> > > > > >>>>is anybody familiar with this old dura ace rear derailleur below?
    > > > > > >>>>
    > > > > > >>>>http://tinyurl.com/jjvq5
    > > > > > >>>
    > > > > > >>>Wow... hardly looks like a Shimano derailleur at all, with those sharp
    > > > > > >>>angles and such. Reminds me of a Campy 980 (but it isn't). I don't recall
    > > > > > >>>Shimano using that color scheme, so it could be that someone "created" that
    > > > > > >>>DuraAce derailleur, but then I just turned 50 so I may have forgotten.
    > > > > > >>>
    > > > > > >>>I'll bet Andy Muzi knows...
    > > > > > >>
    > > > > > >>thanks Mike. "home made dura ace" hypothesis is something I also
    > > > > > >>consider :)
    > > > > > >>
    > > > > > >
    > > > > > >
    > > > > > > Given the location of the limit screws, I don't think it's a Shimano
    > > > > > > anything. Suntour??
    > > > > >
    > > > > > The adjuster barrel reminds me of SunTour, but those limit screws and
    > > > > > the *angular* tab below them for the anchor bolt just don't look like
    > > > > > SunTour.
    > > > > >
    > > > >
    > > > > Who else made slant parallelogram RDs with the limit screws in that
    > > > > location? I can't think of any. (Perhaps the limit screws themselves
    > > > > are not original?)
    > > >
    > > > Could it perchance be a Simplex?
    > > >
    > > > --

    > >
    > > I can't recall ever seeing a Simplex with a slant parallelogram, but
    > > maybe I'm wrong (?).

    >
    > I have a vague recollection of a mid-eighties Simplex which looked
    > pretty similar to the photo, save that it was a long cage model, but
    > from a range of more than twenty years I couldn't tell you any more.
    > Except that it was made from cheese and broke in two about two weeks
    > after being fitted.
    >



    Shimano "borrowed" the slant parallelogram from Suntour when the
    patent expired ca.1984. IIRC, only Suntour and Shimano RDs had slant
    parallelograms until Campy joined the party in the early '90s. That was
    the point when most/all RDs began shifting very well and looking like
    cousins.

    > We blagged a pair of Ti Duopars for our Round-Britain HPV record in
    > 1983. Both twisted themselves into spaghetti in under a day and were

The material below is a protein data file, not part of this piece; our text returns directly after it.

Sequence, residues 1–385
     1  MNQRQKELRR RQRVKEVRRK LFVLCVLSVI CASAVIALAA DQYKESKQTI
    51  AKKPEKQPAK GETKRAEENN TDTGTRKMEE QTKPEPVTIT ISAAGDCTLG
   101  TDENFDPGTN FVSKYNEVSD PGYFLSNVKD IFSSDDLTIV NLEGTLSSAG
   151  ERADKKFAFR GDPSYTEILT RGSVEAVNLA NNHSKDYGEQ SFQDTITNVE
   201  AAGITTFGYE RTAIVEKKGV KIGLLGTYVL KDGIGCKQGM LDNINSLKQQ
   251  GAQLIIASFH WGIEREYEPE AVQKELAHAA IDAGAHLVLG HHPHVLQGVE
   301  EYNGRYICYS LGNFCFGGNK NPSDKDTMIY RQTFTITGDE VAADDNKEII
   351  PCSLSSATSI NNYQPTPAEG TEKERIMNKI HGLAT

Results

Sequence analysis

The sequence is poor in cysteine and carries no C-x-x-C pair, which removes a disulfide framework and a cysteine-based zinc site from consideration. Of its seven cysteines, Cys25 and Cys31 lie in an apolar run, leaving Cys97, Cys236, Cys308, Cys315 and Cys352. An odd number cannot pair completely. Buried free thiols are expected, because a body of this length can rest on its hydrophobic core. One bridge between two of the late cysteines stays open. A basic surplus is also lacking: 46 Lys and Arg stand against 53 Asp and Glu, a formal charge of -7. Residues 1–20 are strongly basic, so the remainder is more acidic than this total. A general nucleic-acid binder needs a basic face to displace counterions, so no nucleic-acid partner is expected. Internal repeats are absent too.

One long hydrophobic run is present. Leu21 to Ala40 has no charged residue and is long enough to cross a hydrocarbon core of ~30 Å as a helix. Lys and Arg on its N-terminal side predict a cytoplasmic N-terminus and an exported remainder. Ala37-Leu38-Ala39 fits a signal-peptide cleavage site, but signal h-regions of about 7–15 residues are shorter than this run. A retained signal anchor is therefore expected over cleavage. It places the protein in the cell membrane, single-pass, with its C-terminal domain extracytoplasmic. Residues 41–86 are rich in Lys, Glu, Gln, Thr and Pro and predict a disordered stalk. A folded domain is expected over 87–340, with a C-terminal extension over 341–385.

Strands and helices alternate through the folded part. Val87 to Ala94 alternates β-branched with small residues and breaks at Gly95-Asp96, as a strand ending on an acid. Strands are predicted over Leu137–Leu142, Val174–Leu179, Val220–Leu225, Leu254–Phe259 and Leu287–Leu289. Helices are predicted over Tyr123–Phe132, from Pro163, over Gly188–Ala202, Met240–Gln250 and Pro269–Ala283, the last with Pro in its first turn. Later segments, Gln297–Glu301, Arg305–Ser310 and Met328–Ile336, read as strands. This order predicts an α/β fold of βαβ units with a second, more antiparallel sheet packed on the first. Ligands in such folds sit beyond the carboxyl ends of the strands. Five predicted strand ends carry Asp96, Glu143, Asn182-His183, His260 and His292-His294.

> replaced with Sun Tour BL GTs which crept out of a box in the back of
    > the van. One of said Sun Tour's is still in service on my father's road
    > bike to this day.
    >
    >
     
  7. 41

    41 Guest

    geos wrote:
    > hello,
    >
    > is anybody familiar with this old dura ace rear derailleur below?
    >
    > http://tinyurl.com/jjvq5
    >
    > I couldn't find any information on the internet, even at www.duraace.com
    > history section.
    >
    > I would appreciate your help with this, especially if you know what year
    > it was produced. but any information would be helpful.


    I think that's quite clearly an earlier SunRace, one of the cheapest
    derailleurs ever. Explains the fake Dura-Ace label.

    Simplex did make slant-parallelogram derailleurs, as did Huret. I
    thought the model was SLJ but
    I couldn't find it here:
    <http://members.aol.com/SatoruMas/brands/simplex.html>

    Before the SunTour patent expired, Shimano had a variant design they
    called servo-pantograph: Shimano Tourney, Crane, first two 600s. Not as
    good as the SunTour design but good enough..
     
  8. 41 wrote:
    > geos wrote:
    > > hello,
    > >
    > > is anybody familiar with this old dura ace rear derailleur below?
    > >
    > > http://tinyurl.com/jjvq5
    > >
    > > I couldn't find any information on the internet, even at www.duraace.com
    > > history section.
    > >
    > > I would appreciate your help with this, especially if you know what year
    > > it was produced. but any information would be helpful.

    >
    > I think that's quite clearly an earlier SunRace



    Hmm....I never would have thought to look there.



    , one of the cheapest
    > derailleurs ever. Explains the fake Dura-Ace label.
    >
    > Simplex did make slant-parallelogram derailleurs, as did Huret. I
    > thought the model was SLJ but
    > I couldn't find it here:
    > <http://members.aol.com/SatoruMas/brands/simplex.html>
    >
    > Before the SunTour patent expired, Shimano had a variant design they
    > called servo-pantograph: Shimano Tourney, Crane, first two 600s. Not as
    > good as the SunTour design but good enough..


    "Servo-Panta", IIRC, was the Shimano name for RDs with two spring
    loaded pvots, an idea they "borrowed" from Simplex.

    What they borrowed from Simplex (two spring loaded pivots), added to
    what they borrowed from Suntour (slant parallelogram), along with a
    minor innovation of their own (the "Centeron" jockey pulley) resulted
    in the first reliable indexed RD, the Dura-Ace RD-7400.